All Plugged In: Mobile Screen Time on the Rise

Fight-or-flight mode: The Internet follows you everywhere, it's all your fault, and there's nowhere to hide. Maybe that's not a bad thing.

Sensors, Big Data and Mobile: Enabling the digital capture of human activity and nature's beauty, but hopefully not more selfies. (NZswissmedia/ThinkStock)
Photo: NZswissmedia/ThinkStock Sensors, Big Data and Mobile: Enabling the digital capture of human activity and nature's beauty, but hopefully not more selfies.

The next time a friend complains about America's overload of screen time, break out this reassuring statement: "At least we're not Indonesia."

According to popular Internet analyst Mary Meeker—who delivers a State of the Internet presentation at the Code conference each year—Americans spend a disturbing significant chunk of time in front of screens relative to their global neighbors: We rank second in overall TV watching, tie for 16th in both laptop and desktop use as well as tablet use, and, at 2 hours and 31 minutes per day, rank 13th in smartphone use.

These stats pale in comparison to the Indonesians, who nearly sweep every category. Thanks to an absolute explosion in tablet usage, Indonesians lead the way in daily distribution of mobile-device screen minutes with a cumulative average of 4 hours and 51 minutes. Per day. Here's hoping they also lead the way in unlimited data plans.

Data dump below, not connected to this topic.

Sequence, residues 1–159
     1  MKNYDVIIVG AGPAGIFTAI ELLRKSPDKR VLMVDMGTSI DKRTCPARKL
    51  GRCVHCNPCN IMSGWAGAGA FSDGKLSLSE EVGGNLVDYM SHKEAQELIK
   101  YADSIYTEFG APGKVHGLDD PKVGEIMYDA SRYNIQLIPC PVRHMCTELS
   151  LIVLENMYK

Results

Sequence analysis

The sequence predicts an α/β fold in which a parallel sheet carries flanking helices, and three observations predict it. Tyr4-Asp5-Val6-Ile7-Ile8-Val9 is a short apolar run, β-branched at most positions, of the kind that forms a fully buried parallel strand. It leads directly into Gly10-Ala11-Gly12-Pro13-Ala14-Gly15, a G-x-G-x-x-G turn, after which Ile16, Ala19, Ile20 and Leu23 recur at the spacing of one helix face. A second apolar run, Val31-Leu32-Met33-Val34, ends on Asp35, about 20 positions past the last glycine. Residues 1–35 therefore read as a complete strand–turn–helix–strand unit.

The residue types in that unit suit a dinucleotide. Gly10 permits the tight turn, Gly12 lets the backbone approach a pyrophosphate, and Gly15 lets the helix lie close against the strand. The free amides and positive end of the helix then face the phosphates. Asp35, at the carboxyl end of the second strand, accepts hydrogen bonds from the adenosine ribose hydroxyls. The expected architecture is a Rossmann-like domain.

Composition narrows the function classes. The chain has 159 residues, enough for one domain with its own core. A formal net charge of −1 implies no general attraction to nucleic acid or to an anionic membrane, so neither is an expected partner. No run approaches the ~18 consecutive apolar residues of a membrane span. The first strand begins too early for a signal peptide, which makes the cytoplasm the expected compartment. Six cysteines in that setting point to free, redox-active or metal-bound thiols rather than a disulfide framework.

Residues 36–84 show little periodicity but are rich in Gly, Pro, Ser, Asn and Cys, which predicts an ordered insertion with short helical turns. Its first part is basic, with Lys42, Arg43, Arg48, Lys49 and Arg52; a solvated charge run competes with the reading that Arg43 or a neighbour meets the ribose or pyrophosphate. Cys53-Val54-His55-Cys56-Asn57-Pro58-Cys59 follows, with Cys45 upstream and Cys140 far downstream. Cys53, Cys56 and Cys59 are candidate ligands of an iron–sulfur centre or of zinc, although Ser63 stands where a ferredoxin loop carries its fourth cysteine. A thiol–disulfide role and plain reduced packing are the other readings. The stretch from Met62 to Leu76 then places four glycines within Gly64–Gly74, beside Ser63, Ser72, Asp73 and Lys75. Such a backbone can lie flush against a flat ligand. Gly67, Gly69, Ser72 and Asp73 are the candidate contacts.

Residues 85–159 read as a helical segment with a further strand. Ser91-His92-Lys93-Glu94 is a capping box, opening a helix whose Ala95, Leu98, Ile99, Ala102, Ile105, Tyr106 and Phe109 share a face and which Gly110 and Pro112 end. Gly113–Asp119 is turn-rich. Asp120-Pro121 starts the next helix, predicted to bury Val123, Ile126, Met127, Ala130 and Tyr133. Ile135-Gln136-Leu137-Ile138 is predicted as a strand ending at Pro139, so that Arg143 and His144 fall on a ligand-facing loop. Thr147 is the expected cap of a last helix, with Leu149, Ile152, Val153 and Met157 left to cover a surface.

Why so much phone screen time? According to Meeker, the phone is rapidly replacing other technologies as the primary Web portal. Global mobile traffic as a percentage of total Internet traffic jumped from 15 percent to 25 percent within the past year, an increase of 81 percent. The future, she says, holds more of the same—with a temporal twist.

Increased mobile usage doesn't necessarily have only negative implications. 

In response to the old fear that screen time is slowly turning us into anxious mush, Meeker notes that many are giving purpose to the modifier "mobile" in "mobile phone," turning to big data and sensors to make mobile usage a more active, real-world experience. Rather than focus solely on driving traffic, the purpose of the Internet will be sourcing and distributing data showing and emphasizing how we live our offline lives, along the lines of Google's Nest, Fitbit, and (for better or worse) Tinder. Instead of drawing us in and keeping us there, mobile has the potential to support real-life activity and process data that helps us live more efficiently and knowledgeably.

All that said, nothing improves the quality of our screen time quite like getting away from them.

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